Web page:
John 19:17-30 Throughout this Lenten season we have been talking about repentance. The Bible says that repentance has two parts: that we are sorry for our sins and then we turn in faith to Jesus for forgiveness. And in that simple definition is really the story of our life with God.
We are sinners. We have not done the good that God demands of us. We have done the evil he forbids. But the wonder and glory of this sad story of our sin is that God still loves us.
When Adam and Eve sinned, God did not wash his hands of them and start over with two new people. And so it was with Noah and Abraham and Moses and David and the woman caught in adultery and Peter and Saul. And so it is with us. God loves us and we can turn to Jesus when we have sinned and know that we will be forgiven.
And yet, this is the thing that we find so difficult to do. Instead of turning from our sins and turning to Jesus, we blame others for our sins or we compare ourselves to others and tell ourselves it’s not as bad as all that or we try to make amends on our own.
When Adam and Eve sinned, Eve blamed the serpent and Adam blamed God for giving him Eve in the first place. When the Pharisee saw the man in the temple who was a tax collector he said to himself, “Well, at least I’m not as bad as all that!” When Judas came face to face with his betrayal and what that meant for Jesus, he was heartbroken and he returned the money but he didn’t turn to Jesus for forgiveness.
Brothers and sisters in Christ, on this night let us be done with denying our sin and excusing our sin and trying to make things right with God on our own. Let us turn our eyes of faith to the cross and see just exactly what our sin has done and be truly sorry.
But also let us see there, in that suffering, dying man the forgiveness he gives to us and know that Jesus, and he alone, has finished our salvation for he is the one who is the fulfillment of God’s promise to send a Savior-- and he is the one who loves with an everlasting love-- and he is the one who has died in our place.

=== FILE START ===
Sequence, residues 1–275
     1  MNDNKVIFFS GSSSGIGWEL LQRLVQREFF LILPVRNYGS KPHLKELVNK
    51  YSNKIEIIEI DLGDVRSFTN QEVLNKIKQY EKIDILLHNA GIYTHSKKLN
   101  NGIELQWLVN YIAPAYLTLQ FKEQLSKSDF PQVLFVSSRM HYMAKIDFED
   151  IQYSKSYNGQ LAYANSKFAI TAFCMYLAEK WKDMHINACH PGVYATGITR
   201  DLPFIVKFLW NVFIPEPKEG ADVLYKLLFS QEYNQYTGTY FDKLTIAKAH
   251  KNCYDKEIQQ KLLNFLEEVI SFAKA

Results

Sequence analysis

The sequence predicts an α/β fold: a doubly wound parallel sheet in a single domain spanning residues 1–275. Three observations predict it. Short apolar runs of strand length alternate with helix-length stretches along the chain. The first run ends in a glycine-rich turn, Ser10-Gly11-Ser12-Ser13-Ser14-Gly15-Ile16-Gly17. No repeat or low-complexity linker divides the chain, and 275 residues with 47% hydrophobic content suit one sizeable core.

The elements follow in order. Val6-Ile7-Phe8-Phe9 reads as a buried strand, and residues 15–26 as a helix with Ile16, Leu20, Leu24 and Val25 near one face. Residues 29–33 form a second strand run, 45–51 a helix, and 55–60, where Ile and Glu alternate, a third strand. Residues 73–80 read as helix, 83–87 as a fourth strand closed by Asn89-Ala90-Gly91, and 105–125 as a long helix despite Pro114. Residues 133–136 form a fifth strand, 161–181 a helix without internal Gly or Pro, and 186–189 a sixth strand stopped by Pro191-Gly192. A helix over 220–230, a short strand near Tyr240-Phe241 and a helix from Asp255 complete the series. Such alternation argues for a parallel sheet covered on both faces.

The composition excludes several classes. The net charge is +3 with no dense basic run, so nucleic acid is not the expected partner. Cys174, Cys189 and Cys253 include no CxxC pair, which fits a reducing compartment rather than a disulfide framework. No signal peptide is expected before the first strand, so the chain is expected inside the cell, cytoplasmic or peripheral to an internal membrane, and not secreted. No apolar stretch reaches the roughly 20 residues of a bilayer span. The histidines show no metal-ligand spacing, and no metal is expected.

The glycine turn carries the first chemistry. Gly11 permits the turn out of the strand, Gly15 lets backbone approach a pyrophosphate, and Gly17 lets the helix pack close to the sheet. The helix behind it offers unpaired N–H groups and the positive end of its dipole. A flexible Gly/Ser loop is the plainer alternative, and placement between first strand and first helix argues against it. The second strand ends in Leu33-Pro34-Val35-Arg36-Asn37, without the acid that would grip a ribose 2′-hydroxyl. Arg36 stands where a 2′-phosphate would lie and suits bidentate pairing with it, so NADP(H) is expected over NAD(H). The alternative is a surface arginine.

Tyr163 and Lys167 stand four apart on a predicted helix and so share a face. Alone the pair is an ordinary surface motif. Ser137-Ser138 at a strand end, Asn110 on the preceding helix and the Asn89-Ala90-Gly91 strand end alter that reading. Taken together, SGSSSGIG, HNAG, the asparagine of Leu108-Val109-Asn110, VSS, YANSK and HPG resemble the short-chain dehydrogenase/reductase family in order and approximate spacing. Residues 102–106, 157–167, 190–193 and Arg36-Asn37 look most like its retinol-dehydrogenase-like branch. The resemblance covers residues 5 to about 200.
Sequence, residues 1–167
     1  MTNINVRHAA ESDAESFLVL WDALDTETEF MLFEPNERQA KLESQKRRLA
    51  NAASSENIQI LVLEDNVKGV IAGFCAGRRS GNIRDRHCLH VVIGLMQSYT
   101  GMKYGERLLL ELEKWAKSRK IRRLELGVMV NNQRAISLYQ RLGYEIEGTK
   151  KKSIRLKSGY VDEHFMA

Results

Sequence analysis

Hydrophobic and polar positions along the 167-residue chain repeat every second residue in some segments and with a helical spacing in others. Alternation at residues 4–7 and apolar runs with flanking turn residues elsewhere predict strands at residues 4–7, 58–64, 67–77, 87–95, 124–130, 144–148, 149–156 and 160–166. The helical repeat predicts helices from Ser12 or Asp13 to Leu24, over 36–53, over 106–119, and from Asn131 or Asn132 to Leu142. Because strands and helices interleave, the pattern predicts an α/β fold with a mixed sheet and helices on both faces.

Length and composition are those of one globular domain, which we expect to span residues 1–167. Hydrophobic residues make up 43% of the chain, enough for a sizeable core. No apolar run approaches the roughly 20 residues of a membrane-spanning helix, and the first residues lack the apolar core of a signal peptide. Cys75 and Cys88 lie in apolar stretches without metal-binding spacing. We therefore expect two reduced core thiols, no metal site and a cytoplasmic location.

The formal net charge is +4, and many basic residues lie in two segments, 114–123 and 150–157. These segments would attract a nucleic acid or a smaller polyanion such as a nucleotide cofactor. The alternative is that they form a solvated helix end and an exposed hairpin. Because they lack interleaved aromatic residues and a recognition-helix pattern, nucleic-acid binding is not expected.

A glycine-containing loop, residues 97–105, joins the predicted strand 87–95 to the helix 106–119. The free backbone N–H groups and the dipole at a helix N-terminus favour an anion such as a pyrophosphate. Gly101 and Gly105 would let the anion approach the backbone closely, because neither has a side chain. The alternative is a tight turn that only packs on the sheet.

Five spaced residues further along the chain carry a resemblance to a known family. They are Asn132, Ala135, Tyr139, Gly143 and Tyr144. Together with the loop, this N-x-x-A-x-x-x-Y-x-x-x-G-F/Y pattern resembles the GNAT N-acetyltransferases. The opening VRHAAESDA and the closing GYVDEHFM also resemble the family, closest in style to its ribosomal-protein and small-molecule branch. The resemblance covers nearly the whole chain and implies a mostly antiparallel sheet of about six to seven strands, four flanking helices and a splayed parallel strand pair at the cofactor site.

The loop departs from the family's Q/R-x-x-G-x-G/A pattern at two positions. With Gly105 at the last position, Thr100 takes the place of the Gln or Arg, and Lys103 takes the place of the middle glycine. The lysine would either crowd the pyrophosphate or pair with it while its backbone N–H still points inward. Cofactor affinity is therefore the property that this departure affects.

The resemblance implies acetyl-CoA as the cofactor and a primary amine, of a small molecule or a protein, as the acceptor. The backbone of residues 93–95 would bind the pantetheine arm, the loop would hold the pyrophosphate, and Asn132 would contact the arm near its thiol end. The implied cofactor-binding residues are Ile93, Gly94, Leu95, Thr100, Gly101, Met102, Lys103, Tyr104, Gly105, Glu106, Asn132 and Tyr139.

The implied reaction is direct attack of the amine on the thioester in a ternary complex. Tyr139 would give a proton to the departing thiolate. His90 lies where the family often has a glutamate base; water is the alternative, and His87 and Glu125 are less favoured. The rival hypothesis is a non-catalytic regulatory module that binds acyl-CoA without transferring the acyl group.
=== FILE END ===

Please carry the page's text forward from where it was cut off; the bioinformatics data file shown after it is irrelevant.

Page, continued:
When Adam and Eve fell into sin and destroyed God’s good creation and brought death into the world for all men, God stepped in and made a promise, that from a woman he would bring forth a Savior who would destroy the works of Satan.
Throughout salvation history, in the words of the prophets and patriarchs, he added more and more to that promise: that the Messiah would be born of a virgin in Bethlehem, that he would be from the House of David and the true Davidic King, that he would be humble and powerful, healing the hick and giving sight to the blind and setting the prisoner free, that he would have a forerunner who would prepare his way and that he would pierced for our transgressions and that by his wounds we would find peace with God.
Hundreds and hundreds of prophecies over thousands and thousands of years—all of them fulfilled in one and only one man—the man who hung of the cross at Golgotha with a sign above his head that said “The King of the Jews.” The Bible says:
They took Jesus, and he went out, bearing his own cross, to the place called The Place of a Skull, which in Aramaic is called Golgotha. There they crucified him, and with him two others, one on either side, and Jesus between them. Pilate also wrote an inscription and put it on the cross. It read, “Jesus of Nazareth, the King of the Jews.”
Pilate, of course, intended this to be an insult to those trouble-making Jews but the sign he caused to be written really was true: the man of the cross dying a criminal’s death really was the King of the Jews—he was the fulfillment of God’s promise to raise up a descendant of David to rule from his throne forever.
And even in his dying moments he continued to fulfill every word ever spoken about him. His last earthly possession was taken away when the soldiers took his tunic and cast lots for it so that the Scripture might be fulfilled that said: “They divided my garments among them, and for my clothing they cast lots.” And his last moment of torment was the agony of thirst so that even the smallest promise of Scripture would be fulfilled.
Throughout salvation history God has spoken about what he was going to do about our sin and from the beginning in Genesis to the end in Revelation every word about salvation is fulfilled by this man who is crucified upon a cross, planted deep in the rocky hill called the skull.
When we are confronted by our sins—when we are caught up in our own failings-- we do not have to wonder about who to turn to for forgiveness and comfort and the strength to begin again because every word of the Bible points us to Jesus Christ.
And when we are confronted by our sins and when we are caught up in our failings we do not have to wonder what kind of reception we will receive because here at Calvary there is nothing but love for us from the man of the cross. The Bible says that: